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Breastfeeding Magazine

Will Breastfeeding Cause a Miscarriage? Which Pregnancies are at Risk

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Causes a MiscarriageMany moms hear other moms talk and worry whether breastfeeding can cause a miscarriage.  As scary as that may sound, only certain moms need to worry because very few pregnancies are at risk when breastfeeding.

There are many scenarios that lead some women to getting pregnant with baby number two while still breastfeeding baby number one. Some couples want to have their children close together so that they can grow up together and the mother can move beyond the childbearing years quickly. Other couples are taken by surprise when the second pregnancy occurs, especially if they believed the rumor that a woman cannot get pregnant while breastfeeding.

However this situation plays out for you, breastfeeding while pregnant is an option many women choose and have no issues. However, the safety of both babies and your own health should be considered.

If you don’t have any complications and your pregnancy isn’t expected to be high risk in any way, it’s usually safe for you to breastfeed at least through the first two trimesters. You still need to consider a few facts before making the final decision for your family, so read on.

Can It Cause a Miscarriage?  The (Slight) Miscarriage Risk

According to the La Leche League, breastfeeding produces hormonal shifts inside a woman’s body, signaling for the uterus to contract and shrink back to it’s pre-pregnancy size. Some women also use a breast pump to stimulate labor when the baby is overdue because the stimulation leads to the release of oxytocin, which often results in contractions. This is why it’s believed that breastfeeding while pregnant may lead to a miscarriage.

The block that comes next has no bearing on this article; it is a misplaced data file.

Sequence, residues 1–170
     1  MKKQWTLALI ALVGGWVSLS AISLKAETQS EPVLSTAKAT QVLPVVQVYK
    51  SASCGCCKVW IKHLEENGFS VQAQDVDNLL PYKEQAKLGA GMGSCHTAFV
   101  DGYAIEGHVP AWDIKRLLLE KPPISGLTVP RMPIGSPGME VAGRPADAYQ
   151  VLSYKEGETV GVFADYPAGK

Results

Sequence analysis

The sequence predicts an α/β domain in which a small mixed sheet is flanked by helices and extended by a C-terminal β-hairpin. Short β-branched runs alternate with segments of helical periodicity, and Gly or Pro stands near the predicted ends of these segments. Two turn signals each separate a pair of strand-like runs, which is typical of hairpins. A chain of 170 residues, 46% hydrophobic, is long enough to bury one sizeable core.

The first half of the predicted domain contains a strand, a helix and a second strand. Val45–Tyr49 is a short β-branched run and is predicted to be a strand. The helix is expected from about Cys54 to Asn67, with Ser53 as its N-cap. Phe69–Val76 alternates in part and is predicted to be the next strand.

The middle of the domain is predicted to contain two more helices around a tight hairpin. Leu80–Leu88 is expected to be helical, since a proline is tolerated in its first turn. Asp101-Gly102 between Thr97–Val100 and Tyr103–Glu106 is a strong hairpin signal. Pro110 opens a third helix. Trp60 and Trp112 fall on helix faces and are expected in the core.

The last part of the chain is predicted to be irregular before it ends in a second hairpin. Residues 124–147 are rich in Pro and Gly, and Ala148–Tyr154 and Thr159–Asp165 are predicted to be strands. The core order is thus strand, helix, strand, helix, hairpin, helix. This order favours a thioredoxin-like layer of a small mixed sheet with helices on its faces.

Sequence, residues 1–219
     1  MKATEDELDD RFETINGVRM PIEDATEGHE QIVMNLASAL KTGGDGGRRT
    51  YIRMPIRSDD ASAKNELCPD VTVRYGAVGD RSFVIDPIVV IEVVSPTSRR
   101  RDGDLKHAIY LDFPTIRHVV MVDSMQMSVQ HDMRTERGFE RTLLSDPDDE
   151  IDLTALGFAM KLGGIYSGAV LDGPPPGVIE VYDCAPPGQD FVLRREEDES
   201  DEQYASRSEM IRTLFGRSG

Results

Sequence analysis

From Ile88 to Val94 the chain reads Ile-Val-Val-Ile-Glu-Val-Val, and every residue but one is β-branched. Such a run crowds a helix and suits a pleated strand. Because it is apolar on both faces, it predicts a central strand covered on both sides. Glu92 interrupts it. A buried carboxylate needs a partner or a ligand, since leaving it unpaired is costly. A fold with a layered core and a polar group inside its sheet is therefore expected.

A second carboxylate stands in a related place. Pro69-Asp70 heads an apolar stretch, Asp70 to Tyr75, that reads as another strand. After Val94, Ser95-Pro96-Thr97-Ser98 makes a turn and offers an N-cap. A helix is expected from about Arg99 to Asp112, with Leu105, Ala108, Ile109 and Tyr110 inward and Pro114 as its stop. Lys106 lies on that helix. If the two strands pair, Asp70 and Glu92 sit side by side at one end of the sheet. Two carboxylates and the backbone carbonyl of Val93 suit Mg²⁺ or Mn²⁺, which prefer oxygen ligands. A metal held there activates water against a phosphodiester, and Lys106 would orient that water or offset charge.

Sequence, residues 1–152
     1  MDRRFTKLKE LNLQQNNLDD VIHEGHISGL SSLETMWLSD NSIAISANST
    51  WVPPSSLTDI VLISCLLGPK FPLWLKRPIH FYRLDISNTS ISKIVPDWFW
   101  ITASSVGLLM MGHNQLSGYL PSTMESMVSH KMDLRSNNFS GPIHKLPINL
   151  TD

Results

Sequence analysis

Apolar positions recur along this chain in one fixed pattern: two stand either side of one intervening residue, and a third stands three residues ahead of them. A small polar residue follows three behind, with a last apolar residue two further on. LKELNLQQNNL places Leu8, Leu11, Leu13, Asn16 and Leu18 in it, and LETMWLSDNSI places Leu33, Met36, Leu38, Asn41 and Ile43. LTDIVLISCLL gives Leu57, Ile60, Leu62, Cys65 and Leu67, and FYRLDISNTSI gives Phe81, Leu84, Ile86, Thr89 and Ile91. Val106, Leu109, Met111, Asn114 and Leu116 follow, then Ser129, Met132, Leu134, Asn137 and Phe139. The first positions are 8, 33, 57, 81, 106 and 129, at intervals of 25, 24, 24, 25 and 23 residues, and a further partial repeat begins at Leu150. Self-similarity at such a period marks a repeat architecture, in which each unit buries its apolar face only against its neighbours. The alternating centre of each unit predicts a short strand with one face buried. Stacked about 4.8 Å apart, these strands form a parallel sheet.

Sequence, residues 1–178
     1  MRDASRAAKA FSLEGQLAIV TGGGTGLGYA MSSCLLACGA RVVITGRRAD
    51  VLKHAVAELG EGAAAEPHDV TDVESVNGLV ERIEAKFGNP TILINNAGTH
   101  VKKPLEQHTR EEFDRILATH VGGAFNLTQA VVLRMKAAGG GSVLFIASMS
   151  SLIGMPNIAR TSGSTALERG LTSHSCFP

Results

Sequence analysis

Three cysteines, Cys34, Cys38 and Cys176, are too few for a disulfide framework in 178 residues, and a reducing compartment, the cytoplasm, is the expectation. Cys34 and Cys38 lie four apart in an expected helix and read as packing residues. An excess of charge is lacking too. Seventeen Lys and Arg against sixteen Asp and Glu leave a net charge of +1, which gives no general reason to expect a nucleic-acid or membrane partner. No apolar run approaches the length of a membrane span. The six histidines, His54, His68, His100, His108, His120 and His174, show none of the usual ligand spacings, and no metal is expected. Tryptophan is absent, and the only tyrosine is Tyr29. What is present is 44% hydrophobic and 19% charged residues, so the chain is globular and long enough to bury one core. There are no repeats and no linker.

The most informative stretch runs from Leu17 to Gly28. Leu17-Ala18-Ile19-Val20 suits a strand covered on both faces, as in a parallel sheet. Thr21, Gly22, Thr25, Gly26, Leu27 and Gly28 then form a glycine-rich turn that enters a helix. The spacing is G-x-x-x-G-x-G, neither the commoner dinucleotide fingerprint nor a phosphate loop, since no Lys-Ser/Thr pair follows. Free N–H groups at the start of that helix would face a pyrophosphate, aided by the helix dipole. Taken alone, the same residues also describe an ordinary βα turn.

Generally this risk is VERY, VERY, VERY small.

There is a extremely slight chance that breastfeeding causing contractions that may cause a miscarriage, but this is very unlikely to happen with healthy pregnancies in the first two trimesters. The amount of oxytocin released in response to breastfeeding is typically minimal, and the uterus isn’t ready to respond to that call to shrink back to pre-pregnancy size at these early stages. This is why so many women are able to successfully breastfeed while pregnant and are glad that they did!

The risk of going into labor is much higher as you get close to your due date. Your uterus is changing and is preparing to release the baby, so it may be more responsive to hormonal shifts. The contractions experienced as a result of those oxytocin releases may be stronger in the final trimester as well. This is why some women choose to take a break from breastfeeding in the final trimester….but you don’t NEED to!

Should You Wean?

If you have a normal pregnancy, we would generally say no!  Keep breastfeeding even when the baby is born.  Many moms tandem breastfeed their children and get a lot of benefits from it

However, keeping all of the available information in mind, there are a few reasons that you may decide to wean your baby instead:

  • Your pregnancy is considered high risk.
  • You have experienced signs of complications with your pregnancy.
  • You have a history of miscarriage or pre-term labor and don’t want to take even the smallest risk.
  • Breastfeeding and morning sickness or other early pregnancy discomforts are too overwhelming when experienced at once for you. (No judgement here!  If it is too much for you, no one would blame you!)

It is important to know that weaning abruptly can cause both emotional and physical issues for both you, and your nursing child.  That is not good for anyone or your pregnancy!  So if you do decide to wean, don’t do it “cold turkey.”  Take a little time.  It will be better for ALL of you!

Many women have breastfed babies while pregnant (and then tandem nurse!) without any negative side effects or outcomes. Breastfeeding an older child and a newborn simultaneously can be rewarding and many women do this successfully as well. If you don’t have medical concerns, there is no reason to stop until you and your baby are ready.

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Will Breastfeeding Cause a Miscarriage? Which Pregnancies are at Risk